In addition to blood values, urine values are also important for examining kidney function. If the filtering capacity of the glomeruli is impaired, protein may no longer be retained in the body and passes increasingly into the urine (proteinuria).
A healthy person normally excretes little or no protein, at most 200 milligrams of protein per day.
To assess kidney function, the concentration of the protein albumin in the urine should be checked; in a healthy person, it is less than 30 milligrams. A concentration of 30-300 milligrams of albumin is called microalbuminuria. A rapid urine test – urinalysis or urine dipstick testing – for microalbuminuria can provide the first indication of an issue with the kidneys. However, the protein concentration in the urine depends on your fluid uptake. To increase the accuracy of the test, the albumin concentration is therefore related to the concentration of creatinine in the urine in a laboratory test (albumin/creatinine quotient). Diabetics in particular should be tested regularly for microalbuminuria to assess the filtering capacity of the kidneys.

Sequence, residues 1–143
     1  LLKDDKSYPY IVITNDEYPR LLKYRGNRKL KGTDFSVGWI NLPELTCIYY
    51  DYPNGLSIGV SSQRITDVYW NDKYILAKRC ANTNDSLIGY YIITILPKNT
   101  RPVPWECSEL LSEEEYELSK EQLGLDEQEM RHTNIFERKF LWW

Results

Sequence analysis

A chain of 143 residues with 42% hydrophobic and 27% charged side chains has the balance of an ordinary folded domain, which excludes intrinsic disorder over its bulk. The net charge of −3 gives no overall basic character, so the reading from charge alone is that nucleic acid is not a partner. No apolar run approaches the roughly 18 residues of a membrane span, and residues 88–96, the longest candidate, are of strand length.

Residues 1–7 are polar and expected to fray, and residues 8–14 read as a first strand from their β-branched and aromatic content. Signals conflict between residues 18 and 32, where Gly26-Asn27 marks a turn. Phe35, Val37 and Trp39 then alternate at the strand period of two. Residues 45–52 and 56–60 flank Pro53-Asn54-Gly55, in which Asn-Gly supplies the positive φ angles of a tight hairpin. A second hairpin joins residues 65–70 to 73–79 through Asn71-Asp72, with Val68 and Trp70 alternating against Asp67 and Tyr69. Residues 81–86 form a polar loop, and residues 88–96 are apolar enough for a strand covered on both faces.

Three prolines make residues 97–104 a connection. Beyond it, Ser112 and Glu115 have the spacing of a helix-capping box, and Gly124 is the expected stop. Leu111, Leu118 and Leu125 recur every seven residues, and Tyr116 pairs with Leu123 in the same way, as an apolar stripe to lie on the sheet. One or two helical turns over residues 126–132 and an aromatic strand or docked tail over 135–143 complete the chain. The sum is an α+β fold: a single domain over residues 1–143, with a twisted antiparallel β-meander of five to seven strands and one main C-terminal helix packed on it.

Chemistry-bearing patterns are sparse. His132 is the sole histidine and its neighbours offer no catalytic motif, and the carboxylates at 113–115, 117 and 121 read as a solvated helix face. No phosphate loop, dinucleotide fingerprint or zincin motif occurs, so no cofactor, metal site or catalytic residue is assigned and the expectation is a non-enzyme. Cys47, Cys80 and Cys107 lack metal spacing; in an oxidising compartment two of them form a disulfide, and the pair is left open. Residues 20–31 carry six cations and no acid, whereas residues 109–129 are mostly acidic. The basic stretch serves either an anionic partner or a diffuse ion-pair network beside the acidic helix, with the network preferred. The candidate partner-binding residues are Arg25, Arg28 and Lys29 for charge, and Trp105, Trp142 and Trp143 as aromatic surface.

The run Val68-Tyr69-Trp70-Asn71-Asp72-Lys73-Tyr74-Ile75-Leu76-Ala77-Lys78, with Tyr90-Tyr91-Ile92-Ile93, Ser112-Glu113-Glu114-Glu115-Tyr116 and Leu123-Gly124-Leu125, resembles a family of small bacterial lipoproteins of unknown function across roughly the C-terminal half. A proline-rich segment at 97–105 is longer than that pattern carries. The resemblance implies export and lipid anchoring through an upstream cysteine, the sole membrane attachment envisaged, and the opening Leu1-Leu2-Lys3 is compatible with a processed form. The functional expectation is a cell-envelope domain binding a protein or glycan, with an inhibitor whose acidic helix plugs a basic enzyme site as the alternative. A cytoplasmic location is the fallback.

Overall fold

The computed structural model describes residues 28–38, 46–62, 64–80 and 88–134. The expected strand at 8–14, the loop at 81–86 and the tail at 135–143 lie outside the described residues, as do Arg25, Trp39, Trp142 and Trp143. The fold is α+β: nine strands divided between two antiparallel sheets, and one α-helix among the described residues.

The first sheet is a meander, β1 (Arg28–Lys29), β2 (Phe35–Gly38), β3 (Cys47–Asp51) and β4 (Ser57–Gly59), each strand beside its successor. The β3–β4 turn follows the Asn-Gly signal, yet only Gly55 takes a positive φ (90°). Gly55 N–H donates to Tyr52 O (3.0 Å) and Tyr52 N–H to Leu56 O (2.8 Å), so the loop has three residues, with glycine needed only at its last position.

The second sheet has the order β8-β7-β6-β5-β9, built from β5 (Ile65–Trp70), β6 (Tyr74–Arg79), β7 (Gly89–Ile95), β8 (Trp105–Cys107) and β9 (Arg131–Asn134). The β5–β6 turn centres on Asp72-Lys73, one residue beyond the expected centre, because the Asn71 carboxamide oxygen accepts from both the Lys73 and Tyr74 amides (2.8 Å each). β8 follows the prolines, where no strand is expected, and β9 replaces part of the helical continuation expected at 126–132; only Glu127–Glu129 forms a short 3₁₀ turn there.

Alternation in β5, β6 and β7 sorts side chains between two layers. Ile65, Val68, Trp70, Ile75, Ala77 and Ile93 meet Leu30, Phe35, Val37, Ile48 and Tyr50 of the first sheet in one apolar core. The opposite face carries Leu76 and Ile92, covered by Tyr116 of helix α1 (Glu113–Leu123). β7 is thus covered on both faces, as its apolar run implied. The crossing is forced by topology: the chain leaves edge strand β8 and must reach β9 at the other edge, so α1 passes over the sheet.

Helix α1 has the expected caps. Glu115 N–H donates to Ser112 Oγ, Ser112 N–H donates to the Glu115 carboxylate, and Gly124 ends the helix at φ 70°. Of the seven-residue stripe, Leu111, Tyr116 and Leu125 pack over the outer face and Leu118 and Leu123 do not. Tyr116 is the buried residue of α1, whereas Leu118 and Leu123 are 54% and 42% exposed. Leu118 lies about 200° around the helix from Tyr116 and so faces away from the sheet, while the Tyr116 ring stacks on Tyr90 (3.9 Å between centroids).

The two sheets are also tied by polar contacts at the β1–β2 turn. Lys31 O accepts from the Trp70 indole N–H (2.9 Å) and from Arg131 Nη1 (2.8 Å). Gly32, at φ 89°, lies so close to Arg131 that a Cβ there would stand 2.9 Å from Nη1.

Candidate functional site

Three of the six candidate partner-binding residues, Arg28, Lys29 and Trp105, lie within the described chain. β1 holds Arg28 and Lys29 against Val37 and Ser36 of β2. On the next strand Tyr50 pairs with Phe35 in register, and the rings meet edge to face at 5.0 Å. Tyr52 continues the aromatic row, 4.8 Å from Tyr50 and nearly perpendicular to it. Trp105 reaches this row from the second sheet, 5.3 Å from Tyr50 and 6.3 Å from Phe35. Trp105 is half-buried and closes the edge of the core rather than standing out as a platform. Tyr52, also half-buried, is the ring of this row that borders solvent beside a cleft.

If protein is detected in a rapid urine test, further tests must be undertaken.